How do amino acids combine with each other

A peptide is an organic chemical compound that is the result of a combination of several amino acids. The individual amino acids are linked in a defined order (sequence) to form a mostly unbranched chain. The amino acids in a peptide are linked by an amide bond. Because of the great importance of peptides in biochemistry and organic chemistry, this type of bond is often also called a peptide bond. Peptides are relatively short amino acid chains of up to about 50 (usually a maximum of 100) amino acids.

Peptides differ from proteins solely in their size. The separation between peptides and proteins is not sharp and is more or less arbitrarily chosen. The limit is around 100 amino acids.

In nature, peptides are mainly formed through protein biosynthesis. The information about the sequence, i.e. the sequence of the amino acids, is encoded in the DNA. Peptides fulfill a large number of functions. In most cases, however, the mode of action is only partially understood. There are examples of peptides that act as hormones, others show an anti-inflammatory or anti-inflammatory effect, and there are also antibiotic and antiviral peptides. Some proteins that are frequently found in food, such as gluten, casein or proteins found in eggs or spinach, can be converted into so-called opioid peptides through the digestive processes. These peptides act on the body in a similar way to morphine. Individuals who are unable to further metabolize these peptides can develop signs of physical and mental illness.

The term peptide was coined by Emil Fischer (1906). peptide became out Pepton (peptos (Greek: digested)), the protein breakdown products of pepsines and the ending of poly-saccharid, because of the analogy to their structure from monomers.


In the condensation of amino acids, the carboxyl group of one amino acid formally reacts with the amino group of the other amino acid to form the acid amide group -CO-NH- (peptide bond) with the escape of water. The free amino group at one end of the peptide is called the N-terminus, and the free carboxyl group at the other end is called the C-terminus.


In general, the number of amino acids that make up a peptide molecule is also called the chain length. The chain length is used to differentiate into

  • Oligopeptides - consisting of up to 10 amino acids
  • Dipeptides - from 2 amino acids
  • Tripeptides - from 3 amino acids


  • Polypeptides - consisting of more than 10 amino acids
  • Macropeptides - from more than 100 amino acids,

whereby the indented peptide groups represent only a finer classification of the oligo- and polypeptides. The demarcation between oligo- and polypeptides on the one hand and between polypeptides and proteins on the other hand is not sharp; the specified limits for the chain lengths are rather rough guide values.


As Oligopeptides are chemical compounds that consist of up to ten amino acids that are linked to one another via peptide bonds.

An oligopeptide is formed by the amino group of a first amino acid reacting with the carboxyl group of a second amino acid with elimination of water. The free amino group of the resulting dipeptide then reacts with the carboxyl group of another amino acid. The remaining amino acids are linked according to this pattern, so that a short chain of amino acids is created, which are connected to one another via peptide bonds.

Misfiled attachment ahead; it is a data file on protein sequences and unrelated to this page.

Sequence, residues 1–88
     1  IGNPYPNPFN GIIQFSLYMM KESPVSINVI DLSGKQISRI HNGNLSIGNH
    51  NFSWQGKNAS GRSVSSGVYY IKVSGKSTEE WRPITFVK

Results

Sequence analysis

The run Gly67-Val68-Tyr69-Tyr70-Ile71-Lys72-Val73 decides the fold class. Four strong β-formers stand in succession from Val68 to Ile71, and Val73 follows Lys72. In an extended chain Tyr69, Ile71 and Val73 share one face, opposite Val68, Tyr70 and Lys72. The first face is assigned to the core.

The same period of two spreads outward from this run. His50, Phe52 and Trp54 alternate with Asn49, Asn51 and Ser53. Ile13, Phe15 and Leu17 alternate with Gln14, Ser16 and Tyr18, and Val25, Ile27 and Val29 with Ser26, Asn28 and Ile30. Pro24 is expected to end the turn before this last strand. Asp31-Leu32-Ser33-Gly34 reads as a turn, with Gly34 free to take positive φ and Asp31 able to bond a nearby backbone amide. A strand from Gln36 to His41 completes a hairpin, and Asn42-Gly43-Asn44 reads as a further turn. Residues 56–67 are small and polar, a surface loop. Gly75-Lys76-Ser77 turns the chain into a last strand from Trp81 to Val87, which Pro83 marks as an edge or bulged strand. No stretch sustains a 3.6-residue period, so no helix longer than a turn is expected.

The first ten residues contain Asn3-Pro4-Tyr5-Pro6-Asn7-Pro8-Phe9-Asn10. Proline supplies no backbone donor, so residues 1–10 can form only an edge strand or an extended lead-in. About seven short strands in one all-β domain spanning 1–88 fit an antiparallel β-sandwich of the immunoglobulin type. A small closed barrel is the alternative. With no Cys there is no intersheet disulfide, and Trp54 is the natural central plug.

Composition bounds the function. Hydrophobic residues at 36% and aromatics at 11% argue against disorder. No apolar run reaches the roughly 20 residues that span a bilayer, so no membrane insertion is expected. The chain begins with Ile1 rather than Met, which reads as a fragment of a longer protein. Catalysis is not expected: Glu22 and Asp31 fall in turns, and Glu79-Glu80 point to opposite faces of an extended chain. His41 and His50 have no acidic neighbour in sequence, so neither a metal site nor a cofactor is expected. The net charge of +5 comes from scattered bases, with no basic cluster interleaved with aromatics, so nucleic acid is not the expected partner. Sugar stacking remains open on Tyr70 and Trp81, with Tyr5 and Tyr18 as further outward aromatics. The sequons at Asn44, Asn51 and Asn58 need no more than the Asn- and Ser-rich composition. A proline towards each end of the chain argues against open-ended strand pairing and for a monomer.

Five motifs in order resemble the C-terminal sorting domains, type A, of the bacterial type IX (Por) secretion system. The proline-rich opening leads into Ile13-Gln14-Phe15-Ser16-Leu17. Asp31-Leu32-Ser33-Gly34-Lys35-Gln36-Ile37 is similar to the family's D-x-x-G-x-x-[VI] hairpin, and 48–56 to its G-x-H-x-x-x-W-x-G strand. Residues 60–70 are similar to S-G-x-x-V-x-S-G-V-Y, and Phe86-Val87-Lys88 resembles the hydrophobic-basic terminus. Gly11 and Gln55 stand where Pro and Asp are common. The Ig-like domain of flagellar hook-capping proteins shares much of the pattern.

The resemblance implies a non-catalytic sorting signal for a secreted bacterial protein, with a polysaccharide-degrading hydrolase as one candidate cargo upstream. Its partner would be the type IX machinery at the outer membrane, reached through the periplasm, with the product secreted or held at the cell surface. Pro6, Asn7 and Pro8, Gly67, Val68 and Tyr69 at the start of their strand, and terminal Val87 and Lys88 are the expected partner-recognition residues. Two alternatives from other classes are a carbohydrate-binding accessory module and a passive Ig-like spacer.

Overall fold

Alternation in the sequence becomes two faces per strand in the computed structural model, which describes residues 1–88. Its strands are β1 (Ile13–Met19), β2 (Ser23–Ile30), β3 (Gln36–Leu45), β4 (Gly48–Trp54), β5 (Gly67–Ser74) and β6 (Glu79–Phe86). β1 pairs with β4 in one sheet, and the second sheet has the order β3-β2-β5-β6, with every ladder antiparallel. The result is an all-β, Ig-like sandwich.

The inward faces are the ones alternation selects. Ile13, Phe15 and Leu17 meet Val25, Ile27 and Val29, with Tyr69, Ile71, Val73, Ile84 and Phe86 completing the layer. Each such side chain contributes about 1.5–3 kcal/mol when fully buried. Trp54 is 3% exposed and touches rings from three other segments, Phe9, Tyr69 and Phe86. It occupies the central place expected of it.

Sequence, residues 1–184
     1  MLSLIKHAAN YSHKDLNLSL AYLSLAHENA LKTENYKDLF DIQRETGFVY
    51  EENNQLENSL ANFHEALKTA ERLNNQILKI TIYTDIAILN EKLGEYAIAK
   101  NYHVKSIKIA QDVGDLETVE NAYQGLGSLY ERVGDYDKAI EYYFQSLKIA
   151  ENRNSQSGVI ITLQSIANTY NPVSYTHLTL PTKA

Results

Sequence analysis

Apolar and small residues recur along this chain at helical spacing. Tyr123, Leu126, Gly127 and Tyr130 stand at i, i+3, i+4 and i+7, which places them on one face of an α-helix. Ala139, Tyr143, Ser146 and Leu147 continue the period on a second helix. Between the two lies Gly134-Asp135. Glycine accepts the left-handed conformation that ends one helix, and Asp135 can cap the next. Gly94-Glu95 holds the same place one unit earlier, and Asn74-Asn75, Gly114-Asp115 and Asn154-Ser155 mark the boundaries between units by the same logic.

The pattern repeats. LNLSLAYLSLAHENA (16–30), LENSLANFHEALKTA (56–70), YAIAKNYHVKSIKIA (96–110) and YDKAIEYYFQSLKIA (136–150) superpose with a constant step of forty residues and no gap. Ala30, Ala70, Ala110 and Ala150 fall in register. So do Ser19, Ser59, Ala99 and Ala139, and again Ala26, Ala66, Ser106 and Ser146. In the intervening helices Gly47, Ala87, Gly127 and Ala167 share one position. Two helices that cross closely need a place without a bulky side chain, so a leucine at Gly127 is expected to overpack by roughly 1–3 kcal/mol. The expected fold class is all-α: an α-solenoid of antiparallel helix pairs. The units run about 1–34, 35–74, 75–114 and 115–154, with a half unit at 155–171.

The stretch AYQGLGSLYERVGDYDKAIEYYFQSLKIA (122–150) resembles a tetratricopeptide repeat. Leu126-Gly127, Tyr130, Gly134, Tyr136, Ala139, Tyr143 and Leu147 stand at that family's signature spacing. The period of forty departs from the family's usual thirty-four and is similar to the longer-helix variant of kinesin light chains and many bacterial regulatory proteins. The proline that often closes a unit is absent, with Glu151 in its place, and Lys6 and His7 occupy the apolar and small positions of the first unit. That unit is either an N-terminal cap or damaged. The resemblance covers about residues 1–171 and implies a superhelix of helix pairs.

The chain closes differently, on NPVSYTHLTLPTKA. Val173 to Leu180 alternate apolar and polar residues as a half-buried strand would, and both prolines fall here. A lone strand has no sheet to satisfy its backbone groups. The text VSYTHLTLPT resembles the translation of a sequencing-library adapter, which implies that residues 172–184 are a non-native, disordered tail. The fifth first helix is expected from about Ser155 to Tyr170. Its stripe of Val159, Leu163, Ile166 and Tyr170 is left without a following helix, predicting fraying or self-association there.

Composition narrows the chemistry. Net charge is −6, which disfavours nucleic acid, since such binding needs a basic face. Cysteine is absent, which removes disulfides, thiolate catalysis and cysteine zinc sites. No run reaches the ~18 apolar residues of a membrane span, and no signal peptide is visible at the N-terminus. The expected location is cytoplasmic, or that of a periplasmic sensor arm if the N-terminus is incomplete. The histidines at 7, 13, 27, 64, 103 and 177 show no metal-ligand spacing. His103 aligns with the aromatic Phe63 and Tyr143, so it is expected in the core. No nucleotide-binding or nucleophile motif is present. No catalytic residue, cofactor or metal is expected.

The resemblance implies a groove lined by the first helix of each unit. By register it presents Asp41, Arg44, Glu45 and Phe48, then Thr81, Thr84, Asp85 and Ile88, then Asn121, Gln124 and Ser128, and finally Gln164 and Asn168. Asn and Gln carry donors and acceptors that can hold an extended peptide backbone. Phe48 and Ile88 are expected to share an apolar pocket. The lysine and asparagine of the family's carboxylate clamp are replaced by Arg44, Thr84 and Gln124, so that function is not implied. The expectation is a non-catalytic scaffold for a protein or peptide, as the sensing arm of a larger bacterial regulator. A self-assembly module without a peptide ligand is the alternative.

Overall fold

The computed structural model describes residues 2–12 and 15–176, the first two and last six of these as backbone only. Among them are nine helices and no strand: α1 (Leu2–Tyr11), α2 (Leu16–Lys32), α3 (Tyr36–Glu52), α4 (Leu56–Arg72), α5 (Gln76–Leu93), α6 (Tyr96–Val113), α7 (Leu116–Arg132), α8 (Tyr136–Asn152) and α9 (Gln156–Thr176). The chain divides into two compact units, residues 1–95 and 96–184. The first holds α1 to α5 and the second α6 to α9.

Oligopeptides play e.g. B. play a role as components of enzymes in detoxification, transport and metabolic processes.


see article Dipeptide


A Polypeptide is a peptide that consists of at least ten amino acids; shorter polypeptides are called oligopeptides. The amino acids are linked by peptide bonds. Polypeptides can be of either natural or synthetic origin. Polypeptides with over 100 amino acids are usually referred to as proteins; however, other requirements are necessary for a protein, such as a defined protein folding.

In nature, polypeptides are formed by the mechanisms of protein biosynthesis on the basis of the building instructions that are encoded in the DNA or RNA.

If high molecular weight macropeptides are linked by hydrogen or disulfide bridges, these are called proteins. Depending on the historical classification, some amino acid chains with over 100 amino acids are also referred to as peptides.

Peptide synthesis

The synthetic method of choice for a peptide of a given sequence differs depending on its length:

  • Short peptides are built up step by step from the linkage of amino acids
  • Longer peptides are built from the linkage of shorter peptides

If an attempt is made to produce a certain dipeptide (e.g. Gly-Val) from two different amino acids (Gly + Val) by thermal dehydration, a number of undesirable products will arise in considerable quantities[1]:

In order to increase the selectivity (chemistry), the carboxyl and amino groups that are not to be linked are provided with a protective group (e.g. ester, Boc):

Because the protective groups can be split off by acids and bases, mild reaction conditions are necessary. Various coupling reagents are used which activate the carboxyl group and thus facilitate the coupling under mild conditions. There are several classes of such coupling reagents [2]:

  • Phosphonium reagents (e.g. BOP)
  • Uronium reagents (e.g. HBTU, HATU)
  • Immonium reagents
  • Carbodiimide reagents (e.g. DCC)
  • Imidazolium reagents
  • Organophosphorous reagents
  • Acid halogenating reagents
  • Chloroformates and others

In addition to this type of chemical synthesis, solid-phase syntheses are mostly used today. In addition, enzymes can also be used for peptide synthesis.

See also


  1. K.Peter, C.Vollhardt, N.E. Schore:Organic chemistry, 4ed, Wiley-VCH, pp. 1399-1402, 2005
  2. S.Y.Han, Y.A.Kim, Tetrahedron, 60, pp. 2447-2467, 2004

Categories: Peptide | Substance group